They're the franchises, proven winners whose success is irresistible; it's no coincidence that CBS and NBC are the two most popular networks. The challenge comes in making sure expansion is not dilution, or that playing it safe ultimately doesn't make them sorry.
"They're like Dairy Queens popping up all over the terrain," Todd Holland, executive producer of Fox's recently canceled drama "Wonderfalls," said with a touch of envy.
The fourth "Law & Order" entry will be known as "Law & Order: Trial By Jury," and will star Jerry Orbach, who's spent 12 years portraying Detective Lennie Briscoe on the mother ship.
"CSI: New York," the third in that series, has two well-known actors as centerpieces: Melina Kanakaredes of "Providence" and Gary Sinise.
It's easy to see why both are being made. They're the closest thing in television to a sure thing. Each of the three previous spinoffs has succeeded, in a business where the vast majority of new series fail. ABC, for example, hasn't had a hit new drama in years.
Facing a room of reporters last week, CBS Chairman Leslie Moonves was willing to put his own money behind "CSI: New York."
"What show out there are you going to want to bet on more than that show?" he said. "I'll bet anybody in this room any amount of money that `CSI: New York' is the highest-rated new show next season."
Jerry Bruckheimer, executive producer of the "CSI" series, admitted he was concerned that a spinoff would hurt the original show when CBS first approached him about making "CSI: Miami."
"As it turned out, it just bolstered the ratings for `CSI,"' Bruckheimer said. "More eyeballs keep coming to it. The ratings kept going up and the ratings keep going up for `Miami."'
"Law & Order: SVU," the first drama to get the original's brand, was originally just titled "Sex Crimes," said Dick Wolf, its creator and executive producer.
He readily agreed to change the title to include the "Law & Order" brand. "Nobody involved in this had just fallen off a turnip truck," he said.
Wolf believes the three "Law & Order" shows — and the new one he's writing — are distinctive enough to work without the brand. They're not spinoffs in the sense that "CSI: Miami" is much the same show in a different city, he said.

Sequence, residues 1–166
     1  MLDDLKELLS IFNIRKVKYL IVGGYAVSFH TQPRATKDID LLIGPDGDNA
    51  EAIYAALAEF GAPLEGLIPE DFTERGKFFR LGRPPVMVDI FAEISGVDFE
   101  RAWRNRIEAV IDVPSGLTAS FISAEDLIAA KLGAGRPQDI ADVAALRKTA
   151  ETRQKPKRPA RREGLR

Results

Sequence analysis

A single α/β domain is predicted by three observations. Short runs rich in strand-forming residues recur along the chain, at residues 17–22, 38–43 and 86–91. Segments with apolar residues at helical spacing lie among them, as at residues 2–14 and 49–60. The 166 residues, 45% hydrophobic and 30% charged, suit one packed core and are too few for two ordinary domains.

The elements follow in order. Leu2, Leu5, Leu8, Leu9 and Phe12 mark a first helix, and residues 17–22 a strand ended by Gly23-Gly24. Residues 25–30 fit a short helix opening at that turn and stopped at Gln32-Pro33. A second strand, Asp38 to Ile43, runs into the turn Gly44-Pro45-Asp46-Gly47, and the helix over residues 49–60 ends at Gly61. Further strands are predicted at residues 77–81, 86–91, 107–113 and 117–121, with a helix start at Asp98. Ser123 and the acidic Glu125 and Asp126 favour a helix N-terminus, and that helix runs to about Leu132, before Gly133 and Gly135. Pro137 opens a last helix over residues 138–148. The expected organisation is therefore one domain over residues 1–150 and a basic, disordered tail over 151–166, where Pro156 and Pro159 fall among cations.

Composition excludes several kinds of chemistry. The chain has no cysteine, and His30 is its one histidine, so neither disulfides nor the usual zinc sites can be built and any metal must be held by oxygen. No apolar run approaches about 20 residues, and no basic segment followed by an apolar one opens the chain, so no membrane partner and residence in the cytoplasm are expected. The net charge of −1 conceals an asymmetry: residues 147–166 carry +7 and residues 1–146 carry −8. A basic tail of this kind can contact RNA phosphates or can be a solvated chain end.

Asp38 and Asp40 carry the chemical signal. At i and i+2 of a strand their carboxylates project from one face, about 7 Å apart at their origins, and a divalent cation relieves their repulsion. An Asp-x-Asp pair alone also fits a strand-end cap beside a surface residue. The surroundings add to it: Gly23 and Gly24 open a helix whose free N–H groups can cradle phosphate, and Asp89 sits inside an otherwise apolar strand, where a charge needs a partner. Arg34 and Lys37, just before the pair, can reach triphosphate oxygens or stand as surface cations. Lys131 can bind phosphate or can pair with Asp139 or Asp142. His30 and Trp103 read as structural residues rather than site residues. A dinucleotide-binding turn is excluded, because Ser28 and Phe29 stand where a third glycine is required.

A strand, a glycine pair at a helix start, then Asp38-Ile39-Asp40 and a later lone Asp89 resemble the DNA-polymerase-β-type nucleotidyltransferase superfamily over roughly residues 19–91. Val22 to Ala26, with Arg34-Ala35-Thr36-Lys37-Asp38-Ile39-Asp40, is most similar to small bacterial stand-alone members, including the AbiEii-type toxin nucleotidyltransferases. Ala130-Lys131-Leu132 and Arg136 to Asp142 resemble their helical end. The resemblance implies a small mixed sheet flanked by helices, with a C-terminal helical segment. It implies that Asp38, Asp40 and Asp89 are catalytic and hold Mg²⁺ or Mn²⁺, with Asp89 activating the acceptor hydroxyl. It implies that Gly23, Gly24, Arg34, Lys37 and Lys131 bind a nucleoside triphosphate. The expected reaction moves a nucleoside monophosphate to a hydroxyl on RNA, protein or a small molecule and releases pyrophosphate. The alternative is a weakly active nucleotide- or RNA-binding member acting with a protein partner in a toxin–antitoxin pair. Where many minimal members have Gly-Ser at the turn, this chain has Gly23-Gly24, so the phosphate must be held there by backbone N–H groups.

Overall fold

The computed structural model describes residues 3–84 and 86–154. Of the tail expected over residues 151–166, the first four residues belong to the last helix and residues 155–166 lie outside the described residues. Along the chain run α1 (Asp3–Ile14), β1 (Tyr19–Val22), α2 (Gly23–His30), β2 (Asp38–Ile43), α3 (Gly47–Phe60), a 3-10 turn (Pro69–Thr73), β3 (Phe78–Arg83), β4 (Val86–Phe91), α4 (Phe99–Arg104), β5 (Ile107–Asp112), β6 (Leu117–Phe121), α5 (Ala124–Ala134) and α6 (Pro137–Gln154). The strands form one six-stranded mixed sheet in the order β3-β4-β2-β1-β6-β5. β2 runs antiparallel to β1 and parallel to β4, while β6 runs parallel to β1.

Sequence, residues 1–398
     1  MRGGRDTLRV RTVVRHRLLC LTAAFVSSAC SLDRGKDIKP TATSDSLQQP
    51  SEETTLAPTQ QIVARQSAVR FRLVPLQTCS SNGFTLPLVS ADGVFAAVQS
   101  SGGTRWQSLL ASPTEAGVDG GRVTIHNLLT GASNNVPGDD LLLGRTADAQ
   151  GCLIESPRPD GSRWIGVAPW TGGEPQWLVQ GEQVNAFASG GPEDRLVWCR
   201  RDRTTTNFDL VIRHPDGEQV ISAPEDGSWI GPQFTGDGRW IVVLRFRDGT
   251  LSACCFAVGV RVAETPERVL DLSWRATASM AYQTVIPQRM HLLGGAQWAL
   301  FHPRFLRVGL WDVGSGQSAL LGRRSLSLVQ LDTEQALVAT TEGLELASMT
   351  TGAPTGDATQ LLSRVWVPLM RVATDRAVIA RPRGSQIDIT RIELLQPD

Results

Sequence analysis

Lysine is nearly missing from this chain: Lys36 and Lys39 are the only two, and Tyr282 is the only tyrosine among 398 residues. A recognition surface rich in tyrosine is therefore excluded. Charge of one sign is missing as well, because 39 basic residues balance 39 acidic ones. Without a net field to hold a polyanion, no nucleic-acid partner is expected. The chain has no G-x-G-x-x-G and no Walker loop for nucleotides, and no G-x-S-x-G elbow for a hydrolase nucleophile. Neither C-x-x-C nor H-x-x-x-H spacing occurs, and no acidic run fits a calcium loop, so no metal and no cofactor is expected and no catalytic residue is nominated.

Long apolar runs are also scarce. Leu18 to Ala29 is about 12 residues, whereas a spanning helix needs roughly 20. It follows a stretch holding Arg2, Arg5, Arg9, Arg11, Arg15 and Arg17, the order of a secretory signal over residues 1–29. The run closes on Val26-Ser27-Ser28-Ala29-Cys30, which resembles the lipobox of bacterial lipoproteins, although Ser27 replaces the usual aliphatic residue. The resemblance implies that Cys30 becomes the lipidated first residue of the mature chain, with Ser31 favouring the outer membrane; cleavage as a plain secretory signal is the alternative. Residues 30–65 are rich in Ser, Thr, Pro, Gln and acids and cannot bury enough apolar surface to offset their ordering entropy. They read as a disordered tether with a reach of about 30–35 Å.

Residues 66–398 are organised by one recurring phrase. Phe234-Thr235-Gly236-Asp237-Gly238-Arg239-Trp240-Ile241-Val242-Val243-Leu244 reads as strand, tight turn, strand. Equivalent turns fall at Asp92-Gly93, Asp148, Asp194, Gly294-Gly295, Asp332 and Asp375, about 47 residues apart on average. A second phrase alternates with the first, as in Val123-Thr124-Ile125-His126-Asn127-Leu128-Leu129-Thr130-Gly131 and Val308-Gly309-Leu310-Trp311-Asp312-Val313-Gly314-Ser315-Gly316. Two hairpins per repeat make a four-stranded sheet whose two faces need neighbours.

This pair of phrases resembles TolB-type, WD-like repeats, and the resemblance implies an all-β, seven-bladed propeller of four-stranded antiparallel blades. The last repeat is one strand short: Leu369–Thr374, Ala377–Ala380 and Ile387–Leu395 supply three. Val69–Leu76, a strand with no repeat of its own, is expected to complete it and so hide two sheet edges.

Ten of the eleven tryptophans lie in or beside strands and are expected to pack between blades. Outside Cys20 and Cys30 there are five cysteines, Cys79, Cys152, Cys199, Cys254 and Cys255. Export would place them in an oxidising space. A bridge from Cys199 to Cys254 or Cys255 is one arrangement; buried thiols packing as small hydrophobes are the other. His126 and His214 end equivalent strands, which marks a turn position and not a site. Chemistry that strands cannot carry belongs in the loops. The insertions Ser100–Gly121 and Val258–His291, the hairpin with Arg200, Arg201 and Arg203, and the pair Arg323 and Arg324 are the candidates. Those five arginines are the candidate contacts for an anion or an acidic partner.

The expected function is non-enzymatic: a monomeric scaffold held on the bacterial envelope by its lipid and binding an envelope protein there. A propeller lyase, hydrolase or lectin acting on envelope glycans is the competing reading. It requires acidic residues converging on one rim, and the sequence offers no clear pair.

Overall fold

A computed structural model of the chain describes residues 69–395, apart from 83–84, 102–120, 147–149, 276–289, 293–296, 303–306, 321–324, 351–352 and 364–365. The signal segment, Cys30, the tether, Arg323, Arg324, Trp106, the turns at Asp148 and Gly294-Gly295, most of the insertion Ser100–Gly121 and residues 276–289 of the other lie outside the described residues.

"The value of the franchise is in the first six weeks that it's on the air, when there are 35, 36 new shows to sample," Wolf said. "The initial thrust of these shows is helped because the consumer says, well, I liked the last one, I might as well sample this one."
As a result, television is flooded with procedural crime dramas.
How much is too much?
A station manager at an NBC affiliate in Florida angered the network last fall when he publicly said the network was "like a one-trick pony. People like `Law & Order' — let's run it every night of the week."
ABC learned the dangers of overexposure the hard way a few years ago when it flooded its schedule with "Who Wants to Be a Millionaire" and drowned when the show collapsed.
"You never know you've reached the saturation point until you've reached it," ABC entertainment chief Lloyd Braun said. "There's no warning light that goes off. At what point is it too much? It's hard to say. I hope it's too much, too soon (for his competitors)."
(Though not soon enough to help him; Braun is reportedly losing his job because of ABC's struggles.)
Moonves and his NBC counterpart, Jeff Zucker, say they've sensed no signs of viewers tiring of their franchises.
"The audience for these shows continues to grow and I don't think you can argue against the success of the franchise," Zucker said.
Producer Holland sees a more insidious worry with the franchise expansions: a creeping creative conservatism and fewer opportunities to try new ideas. With four "Law & Order" shows and three "CSIs," there's little room for newcomers on NBC's and CBS' schedules.
Moonves, in fact, said last week he'd seen only one new pilot so far this spring.
Holland was surprised by the caliber of writers available to him when he made "Wonderfalls." There were fewer places to work for people who weren't interested in forensics or crime dramas, he said.
"Everyone in the creative community is hungry for something fresh and new, something that breaks free of the terrain," he said. "I think we're all concerned about it."
The criticism might have some validity, Bruckheimer said, if there weren't so many cable networks and other outlets for material.
"It would be unfair if the shows weren't working," Wolf said. "I think it's kind of carping to say the audience is wrong."
One thing each of these franchise shows has in common is that they are all self-contained stories with a resolution each week. No extended commitment is required, and viewers don't feel they've lost track of the story when they miss a few weeks.
That makes the shows even more valuable to their networks, since their ratings hold up better in repeats than serialized dramas. The shows all have profitable futures in syndication, too.
"I think that `Law & Order' is kind of comfort food for the mind," Wolf said. "It's also visual nicotine. It's very seductive. You get that same nice, comfortable roller-coaster ride whenever you tune in."